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University of Washington Health Sciences Library

Systematic Reviews and other evidence synthesis projects

Translating strategies to run in multiple databases

A comprehensive search requires you to search in multiple databases to make sure you have located all relevant articles for your question. Once you have built your search, it's time to translate it to your other databases.

**Read the help section for any unfamiliar database**
Rules for one database may be slightly different than another. It's also OK to ask a librarian for guidance or to proof-read your translation!

A search string often has a combination of controlled vocabulary terms and free-text terms. These get translated two different ways. Databases often have their own set of controlled vocabulary terms. When you translate a MeSH term, for example, you will need to identify the term(s) that most closely matches it in the new database's controlled vocabulary. For free-text terms that use field tags like [tiab], you will need to translate the field tag. Your ORs and ANDs will stay the same.

Example:
PubMed
("Pain, Postoperative"[Mesh] OR "post-surgical pain"[tiab] OR "postsurgical pain"[tiab] OR "post-operative pain"[tiab] OR "postoperative pain"[tiab])

Embase
('postoperative pain'/exp OR ('post-surgical pain' OR 'postsurgical pain' OR 'post-operative pain' OR 'postoperative pain'):ti,ab)

Limits of the Polyglot tool:

  • Only works correctly on free-text terms.
  • Controlled vocabulary terms such as MeSH and Emtree must be translated by looking them up in the database to which the search is being translated.
  • Translation of search elements that use proximity operators into the syntax for a database that does not allow them may require manual translation by the researcher.

Always evaluate the translated search string.

Syntax Basics for Frequently-Used Databases

**Read the help section for any unfamiliar database**

PubMed search syntax

  • Subject headings: MeSH. [mesh] or [mh] for exploded terms; [mesh:noexp] or [mh:noexp] for unexploded terms - "Emergency Medical Services"[Mesh]
  • Limit search to Title field: [ti] - "health behavio*"{ti]
  • Limit search to Abstract field: [ab] - "health behavio*"[ab]
  • Search for term in Title and Abstract fields: [tiab] - "health behavio*"[tiab]
  • Search for term in "text words" which includes Title, Abstract, Author Keywords, and MeSH fields: [tw] - "health behavio*"[tw]
  • No proximity searching
  • Automatic Term Mapping tries to match terms and phrases unless they have field tags, quotation marks, or truncation. Always check search details to make sure it is doing what you intended.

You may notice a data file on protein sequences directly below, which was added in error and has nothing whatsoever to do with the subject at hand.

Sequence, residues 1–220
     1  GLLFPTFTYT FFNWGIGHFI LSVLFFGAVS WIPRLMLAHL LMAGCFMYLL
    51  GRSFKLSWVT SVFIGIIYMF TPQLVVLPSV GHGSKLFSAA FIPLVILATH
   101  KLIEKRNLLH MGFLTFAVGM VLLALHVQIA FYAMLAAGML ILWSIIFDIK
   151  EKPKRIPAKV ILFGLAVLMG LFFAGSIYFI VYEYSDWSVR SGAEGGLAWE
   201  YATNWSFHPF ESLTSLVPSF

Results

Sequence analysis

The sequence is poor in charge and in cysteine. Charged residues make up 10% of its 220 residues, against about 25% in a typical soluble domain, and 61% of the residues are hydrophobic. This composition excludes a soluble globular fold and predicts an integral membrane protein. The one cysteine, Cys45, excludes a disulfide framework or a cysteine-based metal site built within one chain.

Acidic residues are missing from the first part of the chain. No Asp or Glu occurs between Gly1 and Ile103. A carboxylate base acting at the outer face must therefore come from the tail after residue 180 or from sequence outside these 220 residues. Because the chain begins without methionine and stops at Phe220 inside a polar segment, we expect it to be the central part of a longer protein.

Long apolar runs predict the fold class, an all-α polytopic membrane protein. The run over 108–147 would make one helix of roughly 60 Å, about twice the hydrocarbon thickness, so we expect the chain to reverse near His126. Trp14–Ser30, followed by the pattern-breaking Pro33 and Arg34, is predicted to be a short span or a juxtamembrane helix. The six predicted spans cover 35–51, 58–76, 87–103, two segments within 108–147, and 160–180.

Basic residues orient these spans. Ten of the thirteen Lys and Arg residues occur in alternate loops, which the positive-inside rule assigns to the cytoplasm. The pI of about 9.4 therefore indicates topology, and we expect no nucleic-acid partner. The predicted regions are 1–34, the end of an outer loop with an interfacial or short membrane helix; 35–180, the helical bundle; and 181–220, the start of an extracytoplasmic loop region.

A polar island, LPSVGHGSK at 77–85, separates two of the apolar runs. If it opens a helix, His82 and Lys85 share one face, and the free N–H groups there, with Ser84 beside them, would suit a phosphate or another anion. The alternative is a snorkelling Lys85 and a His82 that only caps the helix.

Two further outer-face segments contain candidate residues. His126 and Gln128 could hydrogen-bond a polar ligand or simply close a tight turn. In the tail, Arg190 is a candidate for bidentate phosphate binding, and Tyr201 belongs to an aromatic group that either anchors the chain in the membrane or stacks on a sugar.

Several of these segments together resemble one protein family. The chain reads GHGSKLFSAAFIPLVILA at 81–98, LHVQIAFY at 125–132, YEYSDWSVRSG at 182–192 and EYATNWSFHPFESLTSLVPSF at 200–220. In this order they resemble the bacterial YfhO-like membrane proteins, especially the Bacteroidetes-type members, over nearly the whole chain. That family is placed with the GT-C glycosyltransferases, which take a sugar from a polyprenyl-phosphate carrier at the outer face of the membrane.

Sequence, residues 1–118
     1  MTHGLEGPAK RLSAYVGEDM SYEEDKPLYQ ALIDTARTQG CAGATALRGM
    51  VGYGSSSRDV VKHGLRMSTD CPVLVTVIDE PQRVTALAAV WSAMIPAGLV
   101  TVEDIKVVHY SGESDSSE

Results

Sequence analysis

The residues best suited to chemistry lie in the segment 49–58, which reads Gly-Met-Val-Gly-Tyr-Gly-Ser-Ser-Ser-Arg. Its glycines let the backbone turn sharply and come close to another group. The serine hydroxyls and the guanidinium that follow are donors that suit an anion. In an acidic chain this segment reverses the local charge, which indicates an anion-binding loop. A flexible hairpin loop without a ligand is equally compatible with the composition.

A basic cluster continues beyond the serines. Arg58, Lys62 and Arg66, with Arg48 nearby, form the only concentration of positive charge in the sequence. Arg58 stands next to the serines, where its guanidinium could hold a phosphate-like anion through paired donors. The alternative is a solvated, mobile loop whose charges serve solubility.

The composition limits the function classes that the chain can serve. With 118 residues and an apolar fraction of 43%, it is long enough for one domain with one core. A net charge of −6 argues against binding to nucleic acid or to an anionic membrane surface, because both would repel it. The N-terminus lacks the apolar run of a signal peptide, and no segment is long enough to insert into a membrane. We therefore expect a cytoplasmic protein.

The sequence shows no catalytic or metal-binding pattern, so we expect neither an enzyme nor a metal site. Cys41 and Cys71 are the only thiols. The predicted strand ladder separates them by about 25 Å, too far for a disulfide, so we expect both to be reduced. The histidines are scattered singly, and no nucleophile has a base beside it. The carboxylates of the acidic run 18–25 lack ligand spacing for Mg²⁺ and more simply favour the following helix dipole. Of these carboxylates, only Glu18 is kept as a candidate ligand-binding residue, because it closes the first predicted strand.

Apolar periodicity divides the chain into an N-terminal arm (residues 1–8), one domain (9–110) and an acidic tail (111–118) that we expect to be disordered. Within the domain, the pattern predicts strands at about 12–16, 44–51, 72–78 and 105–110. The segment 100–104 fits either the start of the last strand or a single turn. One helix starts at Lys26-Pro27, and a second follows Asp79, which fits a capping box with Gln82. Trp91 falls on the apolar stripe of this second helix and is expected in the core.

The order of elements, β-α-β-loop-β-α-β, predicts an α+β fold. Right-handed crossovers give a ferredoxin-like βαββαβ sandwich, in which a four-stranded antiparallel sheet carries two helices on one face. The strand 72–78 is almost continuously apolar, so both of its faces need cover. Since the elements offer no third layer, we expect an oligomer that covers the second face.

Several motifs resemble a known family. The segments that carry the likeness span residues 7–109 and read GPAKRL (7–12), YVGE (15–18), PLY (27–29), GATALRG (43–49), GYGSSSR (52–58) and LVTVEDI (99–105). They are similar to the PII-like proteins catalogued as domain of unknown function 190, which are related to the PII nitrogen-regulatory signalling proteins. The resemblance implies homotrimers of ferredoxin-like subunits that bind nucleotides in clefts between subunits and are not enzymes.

• Truncation/asterisk: works on single words or at the end of phrases, including within quotes.

See the PubMed User Guide or HSL's PubMed research guide for more tips.

 

Embase search syntax (Embase.com)

  • Subject headings: Emtree. /exp for exploded terms; /de for unexploded terms - 'emergency health service'/exp
  • Limit search to Title field: :ti - 'health behavio*':ti
  • Limit search to Abstract field: :ab - 'health behavio*':ab
  • Limit search to Keywords field: :kw - 'health behavio*':kw
  • Search for term in Title, Abstract, and Keywords fields: :ti,ab,kw - ('health behavio*'):ti,ab,kw
  • Also search for term in the descriptors (Emtree):  :de - ('health behavio*'):ti,ab,kw,de
  • Proximity searching: NEAR/X where X= one term will be within X number of words of the other in any order; NEXT/X in the order in which they're entered - chronic NEAR/3 pain retrieves chronic pain, chronic pelvic pain, and chronic low back pain, among others.
  • Does not reliably guess phrases: use quotes around phrases or use proximity operators
  • Truncation/asterisk: works on single words, within phrases or at the end of phrases, including within quotes: 'metabol* disorder*'.

See HSL's Embase research guide or Elsevier's Embase Support Center for more tips.

 

CINAHL search syntax (EBSCO)

  • Subject headings: MH. Add + at the end of the subject heading to Explode terms (include narrower terms) - (MH emergency service+)
  • Limit search to Title field: TI - TI("health behavio*")
  • Limit search to Abstract field: AB - AB("health behavio*")
  • Search for term in both Title and Abstract fields: enter separately with TI and AB: TI("health behavio*") OR AB("health behavio*")
  • Proximity searching: NX where X= the maximum number of words between the two terms in any order; WX in the order in which they're entered - chronic N2 pain retrieves chronic pain, chronic pelvic pain, and chronic low back pain, among others.
  • Truncation/asterisk: works on single words or at the end of phrases, including within quotes.

CINAHL contains some full-text articles. To search within the full text of these, use TX( )

See HSL's CINAHL research guide for more tips.

 

PsycInfo search syntax (EBSCO)

  • Subject headings: APA Thesaurus of Psychological Index Terms, DE. Exploded terms will list all the narrower terms within the search rather than hiding them like in other databases. Must also explicitly explode any narrower terms that should be exploded. - (DE "Health Behavior" OR DE "Exercise Dependence" OR DE "Health Risk Behavior" OR DE "Healthy Eating" OR DE "Hygiene" OR DE "Preventive Health Behavior" OR DE "Preventive Health Behavior" OR DE "Physical Distancing"OR DE "Safe Sex" OR DE "Self-Care")
  • Can also include MeSH terms using MA. These will not be exploded so add any narrower terms you want - MA("Emergeny Medical Services")
  • Limit search to Title field: TI - TI("health behavio*")
  • Limit search to Abstract field: AB - AB("health behavio*")
  • Limit search to Keywords field: KW- KW("health behavio*")
  • Search for term in Title, Abstract, and Keyword fields: enter separately with TI, AB, and KW: TI("health behavio*") OR AB("health behavio*") OR KW("health behavio*")